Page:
All in the Family



Courtesy Lam Lucariello Rachel Robertson Photography

The 50th State Fair continues to attract generations of ohana

Life’s one big circus for the Anastasini family. They travel together. They play together. And they share the love for acrobats and showmanship. For nine generations, this Italian-Mexican-American family has entertained people from around the world with their gravity-defying feats, Risely acts and “Diablo” juggling.

Now in their sixth year at the 50th State Fair, the Anastasinis will bring a new variety show under the big top, featuring former “America’s Got Talent” contestant and slack wire acrobat Evgeny Vasilenko, a hand-balancing performance by Melanie Chy, a Chinese pole act by Seattle-based Duo Straight Up, dancer and circus performer Rachel Randall, trapezist Nick Lowery, and Giuliano and Fabio Anastasini performing their Risely act, named after Richard Risley Carlisle, an American gymnast and acrobat who developed a circus act in which an acrobat lying prone on his back juggles barrels or fellow acrobats — brothers in this case — with his feet.

Anastasini Brothers. ©Andy Payne

“It was an act my brother Luciano and I did for more than 25 years,” says family patriarch Giovanni Anastasini. “I didn’t want to teach it to them [Giuliano and Fabio] at first because I thought it was too difficult, but they picked up on some of the tricks fairly quickly.”

An institution for many island residents, the 50th State Fair got its start in 1930 when the Chamber of Commerce produced the Hawaiian Products Show in an effort to shore up business during the Depression era. It would eventually expand in 1948 with rides, games and food concessions operated by EK. Fernandez Shows, and rebranded as the “49th State Fair,” a gesture in anticipation that Hawai‘i would indeed become the 49th state. Congress, however, passed the Alaskan Statehood Bill on July 1, 1958.

“When Hawai‘i was granted statehood in 1959, the fair’s name officially changed,” says Donna Smith, vice president of E.K. Fernandez Shows, which started in 1903 when 20-year-old “Eddie” Fernandez began traveling around to O‘ahu plantation camps at night and entertaining workers by projecting scenic silent films onto bed sheets. “There was a photo that appeared in the Honolulu Star-Bulletin showing Kane [Fernandez] holding a 50th sign over the 49 on the show’s marquee.”

Chandra Lucariello has many fond memories of the Fair, calling it her “Disneyland” when she was growing up and anticipating its opening every year. “My dad would hype it up,” recalls Lucariello, director of mixology and spirits education for Southern Glazers Wine & Spirits of Hawai‘i.

©Rachel Robertson

“It was awesome — the rollercoaster, the Wild Cat, the cotton candy — I just loved it all.”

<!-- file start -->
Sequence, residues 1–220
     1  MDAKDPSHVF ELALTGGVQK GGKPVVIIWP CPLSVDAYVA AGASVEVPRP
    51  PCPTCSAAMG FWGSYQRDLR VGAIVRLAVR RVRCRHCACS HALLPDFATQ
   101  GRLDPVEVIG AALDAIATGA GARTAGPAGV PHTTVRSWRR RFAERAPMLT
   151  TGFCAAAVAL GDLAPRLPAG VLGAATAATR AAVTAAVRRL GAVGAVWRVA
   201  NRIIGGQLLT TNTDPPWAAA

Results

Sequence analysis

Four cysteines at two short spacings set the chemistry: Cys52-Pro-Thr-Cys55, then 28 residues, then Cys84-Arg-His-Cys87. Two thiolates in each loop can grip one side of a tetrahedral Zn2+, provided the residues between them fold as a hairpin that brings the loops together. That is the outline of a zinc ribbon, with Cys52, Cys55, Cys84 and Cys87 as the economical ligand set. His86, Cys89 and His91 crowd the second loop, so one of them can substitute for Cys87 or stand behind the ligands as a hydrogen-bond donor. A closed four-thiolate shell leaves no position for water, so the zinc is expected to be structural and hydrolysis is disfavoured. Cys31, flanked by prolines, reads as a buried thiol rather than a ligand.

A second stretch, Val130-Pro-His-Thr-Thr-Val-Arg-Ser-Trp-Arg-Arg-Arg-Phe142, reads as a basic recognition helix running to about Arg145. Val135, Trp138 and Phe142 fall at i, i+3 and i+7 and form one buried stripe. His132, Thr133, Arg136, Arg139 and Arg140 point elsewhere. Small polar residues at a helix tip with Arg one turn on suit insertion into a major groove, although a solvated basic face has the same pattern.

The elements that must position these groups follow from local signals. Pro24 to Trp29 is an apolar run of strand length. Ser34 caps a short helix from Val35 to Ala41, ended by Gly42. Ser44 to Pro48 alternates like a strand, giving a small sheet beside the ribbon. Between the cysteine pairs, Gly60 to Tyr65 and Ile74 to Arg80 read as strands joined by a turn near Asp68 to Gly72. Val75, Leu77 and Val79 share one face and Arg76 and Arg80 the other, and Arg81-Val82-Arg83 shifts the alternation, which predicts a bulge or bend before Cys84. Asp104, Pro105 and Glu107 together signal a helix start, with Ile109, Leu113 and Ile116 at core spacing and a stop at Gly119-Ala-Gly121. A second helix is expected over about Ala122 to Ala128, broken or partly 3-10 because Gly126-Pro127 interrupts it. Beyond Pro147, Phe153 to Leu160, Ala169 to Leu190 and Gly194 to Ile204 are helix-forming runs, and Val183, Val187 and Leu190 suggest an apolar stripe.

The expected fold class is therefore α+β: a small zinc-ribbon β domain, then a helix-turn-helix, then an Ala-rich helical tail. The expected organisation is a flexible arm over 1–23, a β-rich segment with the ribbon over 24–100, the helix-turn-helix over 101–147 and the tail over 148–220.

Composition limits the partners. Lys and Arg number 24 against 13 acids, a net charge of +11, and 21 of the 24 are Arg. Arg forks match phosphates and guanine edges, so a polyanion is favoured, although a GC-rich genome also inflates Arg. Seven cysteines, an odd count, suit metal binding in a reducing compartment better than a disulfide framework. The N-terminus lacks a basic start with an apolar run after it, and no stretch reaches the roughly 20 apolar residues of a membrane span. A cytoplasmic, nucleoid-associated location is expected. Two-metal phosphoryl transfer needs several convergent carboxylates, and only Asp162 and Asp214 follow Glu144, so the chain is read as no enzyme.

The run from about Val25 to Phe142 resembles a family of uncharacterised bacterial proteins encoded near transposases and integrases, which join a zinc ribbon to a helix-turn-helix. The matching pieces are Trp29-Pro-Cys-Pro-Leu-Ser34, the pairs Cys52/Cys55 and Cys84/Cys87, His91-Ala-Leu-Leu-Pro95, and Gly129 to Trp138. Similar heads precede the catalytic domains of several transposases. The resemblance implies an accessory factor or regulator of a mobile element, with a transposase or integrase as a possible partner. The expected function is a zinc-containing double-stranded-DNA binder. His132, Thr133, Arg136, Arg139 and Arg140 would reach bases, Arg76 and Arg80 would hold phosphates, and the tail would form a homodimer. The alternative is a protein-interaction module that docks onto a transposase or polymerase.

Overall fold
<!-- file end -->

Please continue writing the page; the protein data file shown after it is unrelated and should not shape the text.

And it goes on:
Enough so that years later, she and her husband, Daniel Lucariello, would have a lively “trash the dress at the Hawai‘i State Fair” photo shoot a day after their wedding nuptials. “Our photographer, Rachel Robertson, suggested it,” Chandra Lucariello laughs. “We were like two little kids at the Fair … but all dressed up in our wedding clothes. We had a great time doing it and it was my Disneyland fairytale.”

In addition to the circus, the Fair also showcases other genres of live entertainment, including this year’s “Pork Chop Revue,” which stars Cousin Grumpy and a cast of bodacious swine that perform feats of dance, athletic acrobats, dance and “song.” The show has been on tour throughout the U.S. for more than 50 years, making appearances on “The Ed Sullivan Show,” “Laugh-In,” “Merv Griffin” and “Tonight Show.” It also once came to Hawai‘i with “Pork Chop Revue” late founder Boyd “Uncle Heavy” Kines, whose son, Les, now fronts the family show.

Courtesy Pork Chop Revue

“It’s always amazing when I hear ‘my father was here;’ my grandfather was here,” says Smith, referring to the younger generation of entertainers who have followed in the footsteps of their parents. “It’s all about smiles and memories that are created during the Fair.”

With Memorial Day around the corner, the 50th State Fair will be up and going, signaling the start of summer and another carnival run for E.K. Fernandez Shows, which has been the exclusive producer of the Fair since 1988.

“Once you pay your admission ticket, you get free access to a lot of different entertainment,” Smith says. “This an affordable family outing with lots to do and lots of smiles.”

And those glees of laughter and gasps of breath are the ultimate reward for the

Anastasini family. “You’ll see acts that you will only see on YouTube or television,” Giovanni Anastasini says. “We put so many hours into the shows and the reward is seeing people’s reactions. The Hawai‘i audience is great because they like to have fun and they’re not afraid to show their emotions.”

 

50th State Fair

May 26-29, June 2-4, June 8-11, June 16-18 and June 23-25
Fridays:  6 p.m. - midnight
Saturdays:  4p.m. - midnight
Sundays except June 11:  noon - midnight
Monday, May 29:  noon - midnight
Thursday, June 8:  6 p.m. - midnight
Sunday, June 11:  4 p.m. - midnight

 

Standard Admission

Noon – 6 p.m., 30 credits  ($3); 6 p.m. – closing, 50 credits  ($5); keiki under 40” tall free at all times. A Fun Pass is required for rides, games, food and beverages, novelties and some attractions. Purchase and reload Fun Passes at card dispensers located at the entrance to the Fair and throughout the fairgrounds, including the dining tents and game tent. 

 

ekfernandezshows.com

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